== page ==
Cervical X-rays: A Systematic reading
The most commonly ordered spine radiographs, x-rays of the cervical spine are used to evaluate trauma and everyday neck pain. X-rays are also useful for evaluation of the postoperative patient. The three essential views are AP, Lateral, and Odontoid.
The AP view of the cervical spine is shown here without comment. It is the least revealing of the C-spine views.
Ahhhh, the workhorse of the cervical x-rays. Look here for vertebral fracture, subluxation, jumped facets, and prevertebral swelling. Start by evaluating the vertebral bodies. Numbering starts with C2, characteristic with its unique shape, with the “peg” of the dens rising high from the body, penetrating the ring of C1. The disc immediately below that is C2-3. Numbering follows from there.
The vertebral bodies C3 through C7 appear as “boxes,” and in trauma you will sometimes see an anterior “teardrop” fracture after flexion injury.
The posterior vertebral line (posterior marginal line) follows the back edge of the vertebral bodies. As in the lumbar spine, anterior displacement of one vertebra on another is not uncommon, especially of C3 on C4, or of C7 on T1, and this may not be clinically significant. However anterolisthesis of C4 on C5, or C5 on C6, or C6 on C7 can signal a dangerous instability that threatens cord compression. This is often seen in cervical fracture, and in severe cases can be combined with perched or jumped facets. A Hangman’s fracture of the isthmus of C2 may appear as a subluxation of the body of C2.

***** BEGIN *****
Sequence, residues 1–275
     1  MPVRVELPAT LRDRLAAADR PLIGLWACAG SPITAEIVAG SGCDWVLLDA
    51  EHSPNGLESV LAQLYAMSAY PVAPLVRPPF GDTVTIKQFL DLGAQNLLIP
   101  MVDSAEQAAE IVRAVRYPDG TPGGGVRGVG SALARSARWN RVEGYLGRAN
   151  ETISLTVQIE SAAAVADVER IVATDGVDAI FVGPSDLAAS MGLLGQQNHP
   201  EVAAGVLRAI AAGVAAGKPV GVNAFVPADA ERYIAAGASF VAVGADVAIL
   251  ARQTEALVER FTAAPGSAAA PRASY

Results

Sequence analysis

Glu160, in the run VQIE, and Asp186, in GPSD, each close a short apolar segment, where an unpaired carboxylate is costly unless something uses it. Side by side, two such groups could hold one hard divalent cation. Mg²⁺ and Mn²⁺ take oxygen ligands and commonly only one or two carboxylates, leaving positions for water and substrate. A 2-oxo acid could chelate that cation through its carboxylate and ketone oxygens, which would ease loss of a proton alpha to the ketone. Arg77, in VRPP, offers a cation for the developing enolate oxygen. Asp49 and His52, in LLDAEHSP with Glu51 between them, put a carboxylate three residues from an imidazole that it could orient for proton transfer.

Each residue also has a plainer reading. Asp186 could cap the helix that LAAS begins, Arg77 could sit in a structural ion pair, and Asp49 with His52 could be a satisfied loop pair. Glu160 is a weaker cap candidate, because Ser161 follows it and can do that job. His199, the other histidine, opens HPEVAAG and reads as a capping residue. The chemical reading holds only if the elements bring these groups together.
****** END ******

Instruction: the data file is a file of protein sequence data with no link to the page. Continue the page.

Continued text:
The atlanto-dental interval (ADI) is the space between the dens and the anterior arch of C1. Normally it is tiny, the barest sliver of space. If the C1 ring is fractured, the C1 ring widens, and the space between the dens and the anterior arch of C1 may widen. This widened “atlanto-dental interval” suggests a fracture of C1.
The prevertebral soft tissue thickness is normally just a few millimeters at C2-C4, and it markedly increases at the C4-5 level and below. Abnormal swelling of the prevertebral soft tissues is seen with cervical spine trauma, or after routine anterior cervical spine surgeries like the ACDF. Swelling of the prevertebral soft tissues can threaten the airway and is a surgical emergency. Intubation may be needed to protect the airway, and if a postoperative hematoma is suspected, emergency surgical evacuation may be needed.
So use the lateral C-spine x-ray to evaluate the posterior vertebral line and the prevertebral soft tissue thickness.
The open-mouth odontoid evaluates the C1 and C2 vertebrae. This view is essential in evaluating the trauma patient. The lateral masses of C1 should be in line with the vertebral body of C2. If the ring of C1 is broken, it widens, and the lateral masses of C1 overhang the body of C2.
The dens appears as a peg centered between the C1 lateral masses. An odontoid fracture may be visible as a crack at the base of the dens, or the dens may appear off center in the frame of C1.
So use the open-mouth odontoid view to screen for fracture of C1 and a fracture of the dens.